There is much more to say on this subject, and I fully hope we have time to explore it even more. However I feel it necessary to close this post on another note by saying that I hope pastors don’t take my words as a personal attack. I love you and respect the sacrifices you’ve made and the commitment you have to our Lord. I’m not sure what an amicable resolution would be to our present dilemma but I do hope you bear in mind the fact that we are brothers under the same Lord regardless of our ecclesiological differences.

For anyone seeking a more in-depth treatment of this subject I highly recommend and of Frank Viola‘s works, particularly Pagan Christianity and Reimagining Church. Also, if you have any questions or comments, I encourage you to leave them below!

  1. Helpfully defined by Wikipedia as “anyone who is not in the clergy“ []
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What is simple church?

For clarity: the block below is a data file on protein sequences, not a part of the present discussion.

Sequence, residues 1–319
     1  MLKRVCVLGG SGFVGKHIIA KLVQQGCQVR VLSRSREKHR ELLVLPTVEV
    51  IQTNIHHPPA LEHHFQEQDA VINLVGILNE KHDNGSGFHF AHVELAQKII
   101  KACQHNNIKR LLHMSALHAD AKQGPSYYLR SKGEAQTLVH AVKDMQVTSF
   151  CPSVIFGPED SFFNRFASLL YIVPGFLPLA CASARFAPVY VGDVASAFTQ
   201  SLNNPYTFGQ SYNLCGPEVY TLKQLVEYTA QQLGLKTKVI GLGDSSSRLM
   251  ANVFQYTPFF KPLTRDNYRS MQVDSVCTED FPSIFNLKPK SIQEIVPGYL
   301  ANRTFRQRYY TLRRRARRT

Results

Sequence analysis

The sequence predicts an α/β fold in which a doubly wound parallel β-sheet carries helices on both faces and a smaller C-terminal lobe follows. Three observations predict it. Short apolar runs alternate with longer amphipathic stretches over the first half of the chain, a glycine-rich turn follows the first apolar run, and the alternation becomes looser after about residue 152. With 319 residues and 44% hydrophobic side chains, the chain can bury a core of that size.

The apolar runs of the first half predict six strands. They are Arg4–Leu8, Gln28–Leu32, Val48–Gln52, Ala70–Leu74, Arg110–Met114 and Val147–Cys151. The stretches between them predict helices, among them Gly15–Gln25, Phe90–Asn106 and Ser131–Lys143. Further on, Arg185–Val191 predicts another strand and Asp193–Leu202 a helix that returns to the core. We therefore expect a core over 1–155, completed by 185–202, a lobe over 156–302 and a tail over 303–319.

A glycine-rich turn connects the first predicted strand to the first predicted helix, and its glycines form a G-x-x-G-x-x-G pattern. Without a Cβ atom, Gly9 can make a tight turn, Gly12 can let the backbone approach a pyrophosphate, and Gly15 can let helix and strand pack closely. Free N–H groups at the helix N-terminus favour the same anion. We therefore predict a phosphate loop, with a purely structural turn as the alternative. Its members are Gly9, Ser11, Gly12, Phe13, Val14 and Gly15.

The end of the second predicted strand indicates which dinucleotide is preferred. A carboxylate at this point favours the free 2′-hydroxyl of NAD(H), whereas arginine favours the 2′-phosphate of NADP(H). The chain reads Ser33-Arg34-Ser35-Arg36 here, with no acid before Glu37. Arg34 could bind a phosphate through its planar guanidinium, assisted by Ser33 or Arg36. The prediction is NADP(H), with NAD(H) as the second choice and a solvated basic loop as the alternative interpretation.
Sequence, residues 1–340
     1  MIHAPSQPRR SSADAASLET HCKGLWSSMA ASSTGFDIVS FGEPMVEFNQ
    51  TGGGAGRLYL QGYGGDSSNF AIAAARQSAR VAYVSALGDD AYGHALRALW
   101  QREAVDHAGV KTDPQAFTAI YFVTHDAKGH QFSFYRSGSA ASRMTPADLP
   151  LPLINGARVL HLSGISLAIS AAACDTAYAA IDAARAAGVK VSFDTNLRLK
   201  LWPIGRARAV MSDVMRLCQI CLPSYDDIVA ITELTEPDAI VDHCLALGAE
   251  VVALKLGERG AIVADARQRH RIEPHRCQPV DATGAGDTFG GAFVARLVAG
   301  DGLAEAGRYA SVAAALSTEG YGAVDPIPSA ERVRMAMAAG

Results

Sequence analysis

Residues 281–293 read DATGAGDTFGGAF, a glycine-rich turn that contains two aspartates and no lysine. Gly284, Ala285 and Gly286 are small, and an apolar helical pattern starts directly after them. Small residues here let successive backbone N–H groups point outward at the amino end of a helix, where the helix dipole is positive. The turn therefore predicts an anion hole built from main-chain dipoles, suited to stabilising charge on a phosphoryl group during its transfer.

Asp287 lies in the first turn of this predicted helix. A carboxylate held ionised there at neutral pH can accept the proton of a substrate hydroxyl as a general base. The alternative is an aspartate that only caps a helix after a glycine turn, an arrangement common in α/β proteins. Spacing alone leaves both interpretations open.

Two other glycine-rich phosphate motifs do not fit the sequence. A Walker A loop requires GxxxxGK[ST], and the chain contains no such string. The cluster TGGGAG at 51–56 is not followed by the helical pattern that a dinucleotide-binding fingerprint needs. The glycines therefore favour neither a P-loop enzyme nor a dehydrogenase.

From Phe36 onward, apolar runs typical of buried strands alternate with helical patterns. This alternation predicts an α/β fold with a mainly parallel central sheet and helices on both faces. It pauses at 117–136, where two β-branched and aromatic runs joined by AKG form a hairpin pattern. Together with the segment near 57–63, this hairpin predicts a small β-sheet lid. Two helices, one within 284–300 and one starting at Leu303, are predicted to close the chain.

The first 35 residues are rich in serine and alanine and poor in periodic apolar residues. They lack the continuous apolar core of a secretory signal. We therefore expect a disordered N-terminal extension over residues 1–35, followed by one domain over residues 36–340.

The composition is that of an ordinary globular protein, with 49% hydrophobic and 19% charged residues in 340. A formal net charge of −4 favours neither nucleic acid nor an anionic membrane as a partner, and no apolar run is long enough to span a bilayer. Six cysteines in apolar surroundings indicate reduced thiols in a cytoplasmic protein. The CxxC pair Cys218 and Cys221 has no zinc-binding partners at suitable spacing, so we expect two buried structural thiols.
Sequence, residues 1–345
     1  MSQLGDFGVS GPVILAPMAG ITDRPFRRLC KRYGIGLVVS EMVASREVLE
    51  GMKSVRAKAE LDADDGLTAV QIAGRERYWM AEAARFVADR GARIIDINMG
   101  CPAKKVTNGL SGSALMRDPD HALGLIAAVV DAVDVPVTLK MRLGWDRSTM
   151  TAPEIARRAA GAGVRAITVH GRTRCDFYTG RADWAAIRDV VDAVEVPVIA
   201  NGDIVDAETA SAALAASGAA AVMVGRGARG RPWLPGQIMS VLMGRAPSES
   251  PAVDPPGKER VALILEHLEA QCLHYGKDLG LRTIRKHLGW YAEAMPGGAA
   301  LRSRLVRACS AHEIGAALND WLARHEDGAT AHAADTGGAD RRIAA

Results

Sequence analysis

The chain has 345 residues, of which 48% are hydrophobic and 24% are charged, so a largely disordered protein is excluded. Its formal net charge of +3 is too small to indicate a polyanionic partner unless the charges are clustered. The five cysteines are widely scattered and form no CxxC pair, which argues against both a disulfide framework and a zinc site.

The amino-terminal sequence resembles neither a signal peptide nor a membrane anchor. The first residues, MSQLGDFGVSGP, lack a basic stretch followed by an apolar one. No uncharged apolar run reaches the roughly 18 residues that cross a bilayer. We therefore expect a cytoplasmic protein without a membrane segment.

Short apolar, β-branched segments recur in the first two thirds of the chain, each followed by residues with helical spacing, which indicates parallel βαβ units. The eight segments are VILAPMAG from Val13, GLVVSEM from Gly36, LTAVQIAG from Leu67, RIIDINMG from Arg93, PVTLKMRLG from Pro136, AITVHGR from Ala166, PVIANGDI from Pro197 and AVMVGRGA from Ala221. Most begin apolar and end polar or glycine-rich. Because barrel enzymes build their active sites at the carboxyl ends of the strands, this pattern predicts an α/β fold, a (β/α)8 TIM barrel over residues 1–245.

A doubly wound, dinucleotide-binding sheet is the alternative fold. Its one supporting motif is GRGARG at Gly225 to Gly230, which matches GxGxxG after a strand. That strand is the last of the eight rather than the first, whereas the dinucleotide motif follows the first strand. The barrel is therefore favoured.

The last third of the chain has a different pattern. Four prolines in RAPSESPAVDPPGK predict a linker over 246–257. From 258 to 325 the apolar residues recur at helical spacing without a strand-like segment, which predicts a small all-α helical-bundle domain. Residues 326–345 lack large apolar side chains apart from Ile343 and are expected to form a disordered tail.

A friend of mine recently asked, “What is simple church and how is it different than what we normally call ‘church’?”

Simple church is a pretty broad term and is rather hard to nail down. I think the best place to begin is to say that the aim (at least in the one I am in) is to be as close to the model of a church as portrayed in the Bible as possible.

Simple simply refers to the desire to jettison all the cruft normally associated with institutional organizations we mistakenly label “church” these days including programs, buildings, bulletins (which represent a strict order of worship), clergy (that is, we reject the common clergy/laity distinction as divisive to the Body of Christ), etc (more mentioned in Frank Viola‘s excellent book, Pagan Christianity.

Another aspect of “simple” is that we strive to maintain a small group and will unhesitatingly spawn another group if/when ours grows beyond what can comfortably fit in a modest living room (around 20 to 30 people).